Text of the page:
Tony Armstrong: chief executive, Living Streets; formerly of the Department of Health
As the civil servant in charge of the Government’s national obesity programme, Tony Armstrong played a key role in setting public policy. "I had a lot of responsibility," he says. "It was a great place to be."
It was also a demanding, high-pressure role. After nine years in the civil service, Armstrong wanted a fresh challenge. A year’s secondment working on a regeneration project in Brighton had brought him closer to the people who were benefiting from his work. "I wanted to experience that again. And I wanted to be in an organisation that was quicker, without the layers of bureaucracy and politics."
He spotted the advert for the job at pedestrian charity Living Streets on the closing date and threw in an application. "I’ve always been fascinated by the impact of the built environment on people’s health, so it seemed a good fit," he says.
The biggest change has been the lack of nay-sayers, he says. "In the civil service people look at the reasons why something can’t be done. When I first started, I kept asking ‘can I do that?’ and the answer was always ‘of course you can’."
He does, however, miss the prestige of his old role. "Seeing your ideas discussed in Parliament was quite an adrenaline rush. Now I get similar rush when we get media coverage."
Working for a charity has changed his view of the public sector. "If I think back to how I used to deal with third sector organisations, I would not do it the same way now. There’s a lack of understanding of the value of charities. They try to keep us at arm’s length."
Armstrong, who is 33 years old, has not ruled out going back to the public sector. "But at the moment I’m very happy where I am," he says.
Helen Raghu: events manager, Roy Castle Lung Cancer Foundation; formerly of Kenyon Fraser
A golf day with Alan Hampton; a celebrity fashion show at the Hilton; a lunch with Lord Falconer. The glamour of organising events always appealed to Helen Raghu, who began her career at PR firm Kenyon Fraser in Liverpool. Private clients would hire the firm to put on glitzy corporate dinners. "It was brilliant training," she says.
Two years into her time at the firm, she got involved in running a charity quiz night for the NSPCC. "It was a really hard one to pull off, but it introduced me to the idea of holding events for charities," she says. A spell working for Big Brother winner Craig Phillips cemented her desire to switch sectors. "He did a lot of charity work. In a way, it was a bridge into the sector."
Raghu says she works harder now. "With corporate events, everything’s paid for by the client," she says. "Now I have to work with a much smaller budget. I constantly need to be thinking of new ideas because there’s a lot of competition with other charities."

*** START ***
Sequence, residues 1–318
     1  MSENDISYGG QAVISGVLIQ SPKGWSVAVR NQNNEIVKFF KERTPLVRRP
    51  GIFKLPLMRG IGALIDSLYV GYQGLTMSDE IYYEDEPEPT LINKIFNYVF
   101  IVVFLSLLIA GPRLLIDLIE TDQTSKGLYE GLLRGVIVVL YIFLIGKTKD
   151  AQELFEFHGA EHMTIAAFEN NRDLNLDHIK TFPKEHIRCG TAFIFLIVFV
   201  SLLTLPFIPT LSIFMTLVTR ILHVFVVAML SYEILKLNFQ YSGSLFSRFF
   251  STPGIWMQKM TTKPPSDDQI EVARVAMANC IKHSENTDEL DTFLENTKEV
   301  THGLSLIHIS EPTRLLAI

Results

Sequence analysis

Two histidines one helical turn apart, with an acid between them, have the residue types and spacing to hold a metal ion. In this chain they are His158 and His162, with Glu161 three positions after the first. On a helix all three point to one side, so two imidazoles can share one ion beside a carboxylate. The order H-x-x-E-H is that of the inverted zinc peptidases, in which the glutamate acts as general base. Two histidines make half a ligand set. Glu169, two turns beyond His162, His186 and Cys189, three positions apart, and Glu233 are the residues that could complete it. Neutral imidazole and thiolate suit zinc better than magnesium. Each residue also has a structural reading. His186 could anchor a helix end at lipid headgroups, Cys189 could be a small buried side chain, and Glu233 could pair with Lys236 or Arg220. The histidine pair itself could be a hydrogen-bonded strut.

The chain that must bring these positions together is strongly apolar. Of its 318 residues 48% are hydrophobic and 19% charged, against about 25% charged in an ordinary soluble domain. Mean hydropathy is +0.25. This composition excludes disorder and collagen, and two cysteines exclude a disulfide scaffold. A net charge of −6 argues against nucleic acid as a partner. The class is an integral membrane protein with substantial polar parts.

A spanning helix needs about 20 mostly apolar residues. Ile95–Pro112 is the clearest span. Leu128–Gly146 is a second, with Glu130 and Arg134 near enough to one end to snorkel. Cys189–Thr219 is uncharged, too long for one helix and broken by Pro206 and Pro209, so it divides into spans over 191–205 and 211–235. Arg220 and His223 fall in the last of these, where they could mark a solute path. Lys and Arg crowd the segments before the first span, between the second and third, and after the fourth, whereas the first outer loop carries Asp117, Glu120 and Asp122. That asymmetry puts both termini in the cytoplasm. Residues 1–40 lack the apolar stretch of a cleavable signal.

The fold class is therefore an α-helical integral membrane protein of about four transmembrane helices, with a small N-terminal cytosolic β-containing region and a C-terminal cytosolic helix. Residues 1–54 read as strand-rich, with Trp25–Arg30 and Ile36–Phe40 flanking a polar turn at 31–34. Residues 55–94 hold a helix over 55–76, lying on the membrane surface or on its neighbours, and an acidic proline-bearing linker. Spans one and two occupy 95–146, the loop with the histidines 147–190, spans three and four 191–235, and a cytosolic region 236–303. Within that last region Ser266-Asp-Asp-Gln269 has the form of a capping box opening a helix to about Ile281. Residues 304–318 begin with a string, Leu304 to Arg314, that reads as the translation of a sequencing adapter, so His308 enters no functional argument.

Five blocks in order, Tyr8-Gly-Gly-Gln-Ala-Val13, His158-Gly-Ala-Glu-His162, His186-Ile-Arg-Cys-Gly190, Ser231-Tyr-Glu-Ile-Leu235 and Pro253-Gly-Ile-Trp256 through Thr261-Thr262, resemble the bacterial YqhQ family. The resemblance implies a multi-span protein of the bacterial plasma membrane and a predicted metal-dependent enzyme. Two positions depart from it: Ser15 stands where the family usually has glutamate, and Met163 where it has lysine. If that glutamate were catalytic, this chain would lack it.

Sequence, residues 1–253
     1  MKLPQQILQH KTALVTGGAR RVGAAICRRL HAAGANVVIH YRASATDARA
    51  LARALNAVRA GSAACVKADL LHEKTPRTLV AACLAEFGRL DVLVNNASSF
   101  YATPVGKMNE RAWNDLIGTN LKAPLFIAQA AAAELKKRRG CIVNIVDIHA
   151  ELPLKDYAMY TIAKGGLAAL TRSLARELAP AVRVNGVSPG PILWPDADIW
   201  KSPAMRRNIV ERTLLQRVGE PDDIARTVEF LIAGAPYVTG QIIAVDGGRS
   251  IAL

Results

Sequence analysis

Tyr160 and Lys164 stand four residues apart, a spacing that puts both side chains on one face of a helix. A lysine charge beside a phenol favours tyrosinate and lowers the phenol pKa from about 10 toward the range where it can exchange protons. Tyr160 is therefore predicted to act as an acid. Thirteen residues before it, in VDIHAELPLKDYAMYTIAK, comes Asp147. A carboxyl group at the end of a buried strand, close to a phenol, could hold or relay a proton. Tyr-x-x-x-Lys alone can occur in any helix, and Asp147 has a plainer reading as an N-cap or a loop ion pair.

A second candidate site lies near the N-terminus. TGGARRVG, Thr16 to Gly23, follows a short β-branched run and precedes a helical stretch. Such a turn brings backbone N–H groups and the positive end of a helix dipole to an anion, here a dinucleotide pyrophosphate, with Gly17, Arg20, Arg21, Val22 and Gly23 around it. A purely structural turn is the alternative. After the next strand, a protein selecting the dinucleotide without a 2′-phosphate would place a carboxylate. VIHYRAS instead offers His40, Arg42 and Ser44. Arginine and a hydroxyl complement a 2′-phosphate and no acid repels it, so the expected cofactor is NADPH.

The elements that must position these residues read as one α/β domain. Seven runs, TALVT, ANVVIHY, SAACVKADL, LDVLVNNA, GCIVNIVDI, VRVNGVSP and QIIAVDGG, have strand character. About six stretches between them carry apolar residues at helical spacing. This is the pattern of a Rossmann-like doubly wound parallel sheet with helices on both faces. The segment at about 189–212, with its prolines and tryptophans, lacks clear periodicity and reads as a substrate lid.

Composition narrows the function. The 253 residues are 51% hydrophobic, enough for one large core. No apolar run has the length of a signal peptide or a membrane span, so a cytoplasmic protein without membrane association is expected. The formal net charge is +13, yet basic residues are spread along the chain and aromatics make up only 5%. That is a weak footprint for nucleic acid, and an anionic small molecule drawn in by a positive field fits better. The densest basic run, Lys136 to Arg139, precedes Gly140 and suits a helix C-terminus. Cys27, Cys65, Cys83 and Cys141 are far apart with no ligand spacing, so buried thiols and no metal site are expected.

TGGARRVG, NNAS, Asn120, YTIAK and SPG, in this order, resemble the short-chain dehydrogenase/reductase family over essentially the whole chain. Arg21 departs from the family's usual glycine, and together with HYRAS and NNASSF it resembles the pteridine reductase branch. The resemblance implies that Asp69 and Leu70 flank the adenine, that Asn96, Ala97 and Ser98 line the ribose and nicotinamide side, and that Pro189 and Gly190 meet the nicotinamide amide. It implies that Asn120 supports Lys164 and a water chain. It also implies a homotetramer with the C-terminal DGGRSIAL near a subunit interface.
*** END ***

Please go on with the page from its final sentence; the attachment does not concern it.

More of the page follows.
Her colleagues are also more motivated, she says. "In a PR company there’s
a quick staff turnover. Here, everyone is very passionate about what they do – they’ve all been here for five or six years."
She doesn’t miss much about the private sector. "I love being able to help an organisation rather than just make money for an individual," she says.
Maria Largey: director of philanthropy and strategic partnerships, Opportunity International; formerly of JP Morgan
Maria Largey timed her career move well. After eight years working for investment bank JP Morgan, she left to work for Opportunity International, a microfinance charity. A week later, Lehman Brothers went bust.
She had enjoyed the fast pace of finance. "Being so close to global markets was very exciting," she says. "But although I liked the energy and competition of finance, I was never really fired up by the products. Work was such a huge part of my life that I wanted to do something I was really passionate about."
Largey wanted to use the skills she had learned to be effective in a charity. Hearing about the microfinance job was "one of those moments in life when everything seems to fall together". She had some concerns, however. "I was worried that I wouldn’t be as challenged and that the charity wouldn’t be as efficient," she says. "But I saw very quickly that they were running this charity like a business, with very focused goals."
The move involved a substantial drop in salary. "When I was considering the pros and cons, that was important, but not important enough to stop me," she says.
Many Opportunity International donors work in the City of London, so Largey is still close to the financial sector. Her job involves building relationships with individual donors, corporates and foundations, and long hours are still the norm. "Opportunity International in the UK is a very small organisation and there is a lot of work to be accomplished by a small number of people, so we all have to work hard to achieve our goals."